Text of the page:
OpenSports + Interac = Group Payment for Sports

Zenfully, Playfully, and Sleeplessly hacking our way to a big WIN

Feeling like celebrities!

Being a part of a competition — wait, an “Interac-a-thon” — that, at its heart, was about innovating how businesses and individuals request and receive money online, was a no-brainer for OpenSports, Toronto’s pickup sports platform.

Pursuing an opportunity to help “Build on one of the world’s most advanced payment platforms”

Interac just came out with a new API for requesting and receiving money online. By collaborating with Communitech, Interac was able to show off its new API to startups and companies (such as OpenSports), who could play around with the API to come up with innovative ways to solve the problems of payment between individuals and organizations.

Great Ideas Don’t Come Overnight

When I was playing a pickup soccer game in Williamsburg, NY a few years ago, the organizer of the game actually walked around with a little paper cup, and collected $3 from everyone. This was one of his businesses and according to a local, he did pretty well. I watched as some people claimed they forgot their money and would pay him back (myself included), and some requested change.

Recently, we — OpenSports — experienced this pain ourselves, several times. On top of the discomfort of asking for money from friends and strangers, keeping tabs on who paid and who didn't is mentally taxing. Most sports players can also relate to situations where the one person on a team with a huge credit limit heroically absorbs the entire $2500 cost to sign their team up for a league, only to have to chase their friends down for payment.

There was also that day in February, when we learned from a regular user of OpenSports — and now a friend — that not having a Visa prohibited him from playing a soccer game through our app. We needed a better way to allow game organizers to collect money from players through our platform.

April 26, 2017, 7:07am— Morning of the Big Day

Interdisciplinary teams 101: Someone’s gotta be responsible for the selfies, others have to be responsible for the code.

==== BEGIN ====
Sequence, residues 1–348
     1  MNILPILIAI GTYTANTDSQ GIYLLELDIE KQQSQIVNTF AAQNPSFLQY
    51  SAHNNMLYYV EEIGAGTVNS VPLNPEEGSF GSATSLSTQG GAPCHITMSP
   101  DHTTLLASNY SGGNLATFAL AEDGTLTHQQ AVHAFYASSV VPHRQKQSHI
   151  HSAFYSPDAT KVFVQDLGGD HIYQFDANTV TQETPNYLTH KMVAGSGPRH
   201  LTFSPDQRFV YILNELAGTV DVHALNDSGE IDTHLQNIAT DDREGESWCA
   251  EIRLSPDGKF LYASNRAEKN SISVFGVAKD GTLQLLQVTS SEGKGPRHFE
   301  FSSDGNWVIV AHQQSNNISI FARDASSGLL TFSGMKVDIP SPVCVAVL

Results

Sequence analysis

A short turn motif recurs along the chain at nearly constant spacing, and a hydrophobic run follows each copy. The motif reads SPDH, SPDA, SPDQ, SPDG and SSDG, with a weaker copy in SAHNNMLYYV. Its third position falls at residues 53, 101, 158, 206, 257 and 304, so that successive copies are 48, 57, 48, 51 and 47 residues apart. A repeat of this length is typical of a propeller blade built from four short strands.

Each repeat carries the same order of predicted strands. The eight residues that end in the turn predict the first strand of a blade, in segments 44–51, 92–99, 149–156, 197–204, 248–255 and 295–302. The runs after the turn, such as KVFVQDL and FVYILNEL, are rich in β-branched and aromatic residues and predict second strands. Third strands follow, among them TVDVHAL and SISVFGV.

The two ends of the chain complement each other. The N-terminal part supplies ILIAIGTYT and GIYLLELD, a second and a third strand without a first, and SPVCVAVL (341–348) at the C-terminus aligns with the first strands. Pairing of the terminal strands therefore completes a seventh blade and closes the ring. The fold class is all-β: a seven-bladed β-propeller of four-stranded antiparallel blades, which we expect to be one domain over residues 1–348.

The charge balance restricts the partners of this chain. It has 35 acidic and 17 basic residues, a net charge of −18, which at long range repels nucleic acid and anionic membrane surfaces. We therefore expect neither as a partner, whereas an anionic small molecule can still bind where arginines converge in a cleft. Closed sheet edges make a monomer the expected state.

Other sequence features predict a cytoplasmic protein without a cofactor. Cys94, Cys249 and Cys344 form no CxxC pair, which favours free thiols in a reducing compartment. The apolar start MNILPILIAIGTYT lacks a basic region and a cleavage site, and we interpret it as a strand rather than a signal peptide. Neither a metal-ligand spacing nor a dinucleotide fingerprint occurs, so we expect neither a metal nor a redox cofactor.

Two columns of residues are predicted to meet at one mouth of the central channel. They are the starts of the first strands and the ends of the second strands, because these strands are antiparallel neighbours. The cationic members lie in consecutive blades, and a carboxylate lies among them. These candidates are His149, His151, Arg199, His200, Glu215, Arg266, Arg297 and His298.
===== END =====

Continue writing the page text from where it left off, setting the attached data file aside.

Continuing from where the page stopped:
I met James and Yi An at 7:07 am, at the Greyhound bus terminal.

“James, did you sleep?”

“Uh….. No. I got home (from our office at iBoost) at 6:05am, laid down and set an alarm for 8 minutes, and after 7.5 minutes, got back up”.

Once on the bus, we still had a lot of things to fix, so James and Yi An continued coding on the bus, while I jammed to some Taylor Swift songs.

7:20am: The team is a bit stressed on the Greyhound.

10:00am- Still Fixing Bugs.

We sluggishly arrived at the Communitech office in Kitchener where we would present in less than an hour, and to our dismay, had a final bug to fix in the demo...would we finish it on time?? As James and Yi An relayed to me, “It is iffy — there’s a chance that the bug fix will do more harm than good”. To me, this translated to: this demo might completely go to shambles during our pitch, which will be heartbreaking after spending an entire week and several all-nighters working on it. We so badly wanted the demo to go smoothly. James and Yi An finished working on the demo at 10:20am and we had 20 minutes to rehearse before presenting to Interac.

10:50am — The Pitch.

We walked into the large board room, and to our surprise, faced about 12 execs from Interac. The pitch went well. It went extraordinarily well! We couldn’t fully read the faces of all the Interac execs in the room, but we were fairly confident they liked it. The two minute demo was smooth: we got to show the entire flow of an organizer requesting Interac payment for a pickup game, and the player paying for and joining the game. After our presentation, what at first seemed to be a defeaning silence turned into a very fruitful Q n A. I told James he killed it, and our team hugged it out.